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10 Misconceptions about the Syrian Struggle

4 Dec

According to the advocates of the armed struggle against the Assad regime – both inside and outside Syria – a largely nonviolent resistance that lasted between March and August 2011 had no viable option but to turn violent. I identified at least ten arguments that have been used to justify or account for the shift away from civil resistance in favor of the armed struggle in the country. Some of these arguments explicitly devalue the role, and impact of nonviolent resistance.

1. Brutality argumentmy55r6g9-1344834470
• It was naïve to continue nonviolent struggle in the face of an extremely brutal opponent. In fact, nonviolent activists stood no chance against a ruthless regime. In these circumstances their resort to arms was the only rational choice Syrians could make.

2. Ethnic polarization argument
• Ethnic and religious polarizations were too strong in Syria and it was unrealistic to expect Alawites or Christian to defect the regime and join the anti-Assad resistance.

3. Self-defense and honorable death argument
• Syrians had the right to self-defense and armed protection of their communities against violent thugs of the regime. Failure to resort to arms in order to defend oneself would have led to a carnage. Furthermore, soldiers that deserted from the Syrian army feared they would have been killed in reprisals for their ‘treason’ – defections. Armed resistance thus offered a choice to die with a gun in hand rather than to be slaughtered without a fight.

4. Redressing an affront argument
• Regime’s arrests, tortures, rapes and killing were an affront to ordinary Syrians and needed to be revenged. The violent rebellion against the Assad regime is to right an affront and falls within the ‘just’ tradition of honor killing that is part of the history and culture of the society.

5. Historical argument
• The road to a genuine liberation can never be peaceful. Liberation struggles in Libya, Kosovo, or earlier in Algeria or Syria under the French protectorate were violent. Earlier uprisings against Syrian Ba’ath regime were also violent.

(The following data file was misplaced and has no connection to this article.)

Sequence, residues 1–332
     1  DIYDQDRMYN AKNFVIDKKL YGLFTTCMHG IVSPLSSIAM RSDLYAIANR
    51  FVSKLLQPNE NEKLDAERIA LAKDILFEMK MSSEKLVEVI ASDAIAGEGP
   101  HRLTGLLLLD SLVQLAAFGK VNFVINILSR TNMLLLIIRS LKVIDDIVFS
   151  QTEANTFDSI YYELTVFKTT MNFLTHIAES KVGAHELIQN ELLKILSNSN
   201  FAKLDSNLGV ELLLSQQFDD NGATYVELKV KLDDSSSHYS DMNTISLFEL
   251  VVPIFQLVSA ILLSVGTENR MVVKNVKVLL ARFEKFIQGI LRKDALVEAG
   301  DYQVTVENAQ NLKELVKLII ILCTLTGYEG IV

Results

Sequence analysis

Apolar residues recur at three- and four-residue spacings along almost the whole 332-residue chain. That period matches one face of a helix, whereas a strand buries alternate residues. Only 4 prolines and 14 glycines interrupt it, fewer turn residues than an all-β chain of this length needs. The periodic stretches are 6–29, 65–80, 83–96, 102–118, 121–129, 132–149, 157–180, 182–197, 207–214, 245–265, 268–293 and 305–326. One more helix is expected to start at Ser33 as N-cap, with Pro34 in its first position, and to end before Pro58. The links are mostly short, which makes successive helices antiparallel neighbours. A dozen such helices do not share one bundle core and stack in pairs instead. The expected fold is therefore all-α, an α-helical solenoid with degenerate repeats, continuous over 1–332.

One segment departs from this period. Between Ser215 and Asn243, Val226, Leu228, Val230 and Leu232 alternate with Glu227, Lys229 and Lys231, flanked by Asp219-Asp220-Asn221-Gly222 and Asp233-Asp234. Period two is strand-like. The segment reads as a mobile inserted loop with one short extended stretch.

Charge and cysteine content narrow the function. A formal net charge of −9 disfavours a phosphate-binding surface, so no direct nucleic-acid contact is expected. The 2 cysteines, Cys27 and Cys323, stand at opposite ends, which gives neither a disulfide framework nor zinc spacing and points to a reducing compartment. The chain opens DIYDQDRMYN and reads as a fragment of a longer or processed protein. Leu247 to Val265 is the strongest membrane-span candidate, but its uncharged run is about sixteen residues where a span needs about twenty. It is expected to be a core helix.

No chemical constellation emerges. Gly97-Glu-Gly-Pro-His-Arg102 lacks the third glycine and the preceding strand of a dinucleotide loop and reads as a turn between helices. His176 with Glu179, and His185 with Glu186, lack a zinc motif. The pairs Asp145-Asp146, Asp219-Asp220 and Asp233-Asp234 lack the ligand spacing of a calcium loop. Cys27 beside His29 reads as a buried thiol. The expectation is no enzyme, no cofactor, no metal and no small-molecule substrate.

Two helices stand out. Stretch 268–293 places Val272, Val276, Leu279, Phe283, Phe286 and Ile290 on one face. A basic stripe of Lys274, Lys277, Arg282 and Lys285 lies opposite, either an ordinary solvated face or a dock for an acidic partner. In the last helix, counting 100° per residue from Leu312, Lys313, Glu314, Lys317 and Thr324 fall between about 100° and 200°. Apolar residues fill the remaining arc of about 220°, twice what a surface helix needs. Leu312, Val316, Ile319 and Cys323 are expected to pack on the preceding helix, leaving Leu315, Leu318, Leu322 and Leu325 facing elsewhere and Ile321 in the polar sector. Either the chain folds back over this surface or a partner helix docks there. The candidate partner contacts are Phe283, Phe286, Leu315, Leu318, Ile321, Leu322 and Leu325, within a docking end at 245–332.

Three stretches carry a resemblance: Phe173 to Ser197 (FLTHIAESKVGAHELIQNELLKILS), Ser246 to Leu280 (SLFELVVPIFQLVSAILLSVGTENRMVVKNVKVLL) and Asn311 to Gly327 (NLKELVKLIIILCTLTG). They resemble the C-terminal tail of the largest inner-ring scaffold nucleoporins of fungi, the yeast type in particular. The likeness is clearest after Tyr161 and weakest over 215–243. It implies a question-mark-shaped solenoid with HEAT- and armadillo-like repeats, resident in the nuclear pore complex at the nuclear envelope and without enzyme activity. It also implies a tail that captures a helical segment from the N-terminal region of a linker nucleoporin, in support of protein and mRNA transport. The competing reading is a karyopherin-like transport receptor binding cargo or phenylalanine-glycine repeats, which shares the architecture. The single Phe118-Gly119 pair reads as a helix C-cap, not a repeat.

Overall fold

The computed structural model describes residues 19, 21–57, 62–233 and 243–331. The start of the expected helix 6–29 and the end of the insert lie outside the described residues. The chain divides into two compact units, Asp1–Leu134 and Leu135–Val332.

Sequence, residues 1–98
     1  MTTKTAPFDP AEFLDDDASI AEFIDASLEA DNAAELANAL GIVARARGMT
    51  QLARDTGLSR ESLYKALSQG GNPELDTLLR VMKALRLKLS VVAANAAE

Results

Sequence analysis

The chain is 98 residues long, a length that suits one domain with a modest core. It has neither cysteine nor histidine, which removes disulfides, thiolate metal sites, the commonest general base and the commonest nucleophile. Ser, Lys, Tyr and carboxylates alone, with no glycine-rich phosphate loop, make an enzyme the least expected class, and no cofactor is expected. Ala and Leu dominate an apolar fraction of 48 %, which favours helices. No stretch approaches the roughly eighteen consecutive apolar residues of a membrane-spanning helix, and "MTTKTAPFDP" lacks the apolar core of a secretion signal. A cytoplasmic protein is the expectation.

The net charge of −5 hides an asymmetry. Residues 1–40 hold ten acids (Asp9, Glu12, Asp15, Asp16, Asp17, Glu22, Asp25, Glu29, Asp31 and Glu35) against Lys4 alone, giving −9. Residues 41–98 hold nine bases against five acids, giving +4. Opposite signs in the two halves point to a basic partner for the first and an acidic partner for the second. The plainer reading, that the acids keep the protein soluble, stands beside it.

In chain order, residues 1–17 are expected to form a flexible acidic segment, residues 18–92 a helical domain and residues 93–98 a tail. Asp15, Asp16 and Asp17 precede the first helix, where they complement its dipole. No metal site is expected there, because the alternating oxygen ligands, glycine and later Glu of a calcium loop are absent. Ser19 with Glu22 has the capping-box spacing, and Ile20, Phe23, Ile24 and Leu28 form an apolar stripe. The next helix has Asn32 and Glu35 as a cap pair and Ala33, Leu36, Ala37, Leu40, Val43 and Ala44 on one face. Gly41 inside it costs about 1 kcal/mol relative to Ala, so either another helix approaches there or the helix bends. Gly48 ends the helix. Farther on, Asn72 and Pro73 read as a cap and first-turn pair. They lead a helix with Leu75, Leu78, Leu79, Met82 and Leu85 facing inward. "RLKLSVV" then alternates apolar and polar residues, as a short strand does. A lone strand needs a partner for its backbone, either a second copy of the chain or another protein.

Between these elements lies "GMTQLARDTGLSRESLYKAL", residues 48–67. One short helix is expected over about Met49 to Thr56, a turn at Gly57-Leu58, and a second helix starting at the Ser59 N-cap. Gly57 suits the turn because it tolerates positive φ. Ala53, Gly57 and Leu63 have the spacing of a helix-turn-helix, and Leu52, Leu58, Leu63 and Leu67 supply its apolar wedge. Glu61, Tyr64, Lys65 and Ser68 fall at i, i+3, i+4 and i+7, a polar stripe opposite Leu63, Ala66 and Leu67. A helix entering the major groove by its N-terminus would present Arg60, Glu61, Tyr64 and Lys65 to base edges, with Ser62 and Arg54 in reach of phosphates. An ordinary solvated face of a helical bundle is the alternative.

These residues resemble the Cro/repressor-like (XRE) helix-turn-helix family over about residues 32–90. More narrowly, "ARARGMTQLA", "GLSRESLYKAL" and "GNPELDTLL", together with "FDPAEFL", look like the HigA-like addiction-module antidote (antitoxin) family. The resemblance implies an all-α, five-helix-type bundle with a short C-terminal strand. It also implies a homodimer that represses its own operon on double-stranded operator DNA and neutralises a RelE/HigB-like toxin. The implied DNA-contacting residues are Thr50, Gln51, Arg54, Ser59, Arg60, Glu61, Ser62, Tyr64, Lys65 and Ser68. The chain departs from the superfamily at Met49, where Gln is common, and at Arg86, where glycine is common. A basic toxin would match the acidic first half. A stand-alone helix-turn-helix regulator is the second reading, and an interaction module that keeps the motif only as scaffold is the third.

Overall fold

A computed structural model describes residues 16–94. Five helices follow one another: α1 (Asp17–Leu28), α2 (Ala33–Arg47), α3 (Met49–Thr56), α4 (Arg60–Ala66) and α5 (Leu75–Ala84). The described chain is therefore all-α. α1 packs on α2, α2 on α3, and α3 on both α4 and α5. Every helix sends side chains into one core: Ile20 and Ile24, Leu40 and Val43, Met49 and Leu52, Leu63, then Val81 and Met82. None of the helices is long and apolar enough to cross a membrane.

6. Foreign fighters’ argument
• Violence on the opposition side would ensue anyway given the influx of the foreign fighters whose primarily means to fight the regime is the armed struggle.

7. Complementarity argument
• Violent struggle more often than not incorporates civil resistance. Nonviolent political organizing is needed for violent resistance to succeed. This was the case with the grassroots insurgencies in Vietnam against the United States or in Afghanistan against the Soviet Union and now against NATO. The combination of violent resistance and nonviolent organizing is also practiced by the political-armed groups such as Hizbullah and Hamas.

8. Violent adversary understands only violence
• Violence works against Assad as he is a rational thug who wants to ensure the survival of his family and his political control. He agreed to give up his chemical weapons when faced with an imminent military attack by a more powerful adversary. Consequently, Syrians need more not less weapons and widespread violent uprising to tip the balance of force in favor of the resistance.

9. Blaming the victim argument
• Criticism of Syrians for their resort to arms against a dictator is immoral. Syrians are victims and Assad is a perpetrator.

10. Passivity of international community
• International community does not intervene on behalf of nonviolent movements in contrast to the well-known interventions in support of violent insurrectionists – e.g. in Libya or earlier in Kosovo. The violent struggle had more chances than its nonviolent counterpart to bring about greater international involvement in the conflict that could eventually topple the Assad regime.

My take on the misconceptions

1. Civil resistance is a realistic alternative to violence though, paradoxically, it faces a higher burden of proof than the violent struggle
The continuance of civil resistance would have been no more unrealistic than the eventual choice of the armed resistance. In fact, the resort to violence by the Syrian opposition was the most unrealistic options among all available alternatives to tip the balance of force in their favor. The terrible outcome of the violent strategy in Syria, clearly seen today, shows that the choice of the armed struggle – rather than that of the nonviolent resistance – was in fact “naïve”, “idealistic” and “irrational.” By turning to arms and prematurely terminating the six-month old nonviolent resistance (between March and August 2011), the Syrian opposition began fighting the regime at its strongest and on the regime’s own violent terms. The likelihood of success in the armed challenge dramatically decreased for the poorly armed opposition. In this unequal conflict the rebels had to turn to the external parties for the military assistance. Such help never comes free and gives external actors excessive influence over the domestic situation. The choice of armed struggle, although emotionally satisfying, was less than well-thought-out strategy to reach a successful outcome in the conflict.hp.12.14.12.Syriaprotest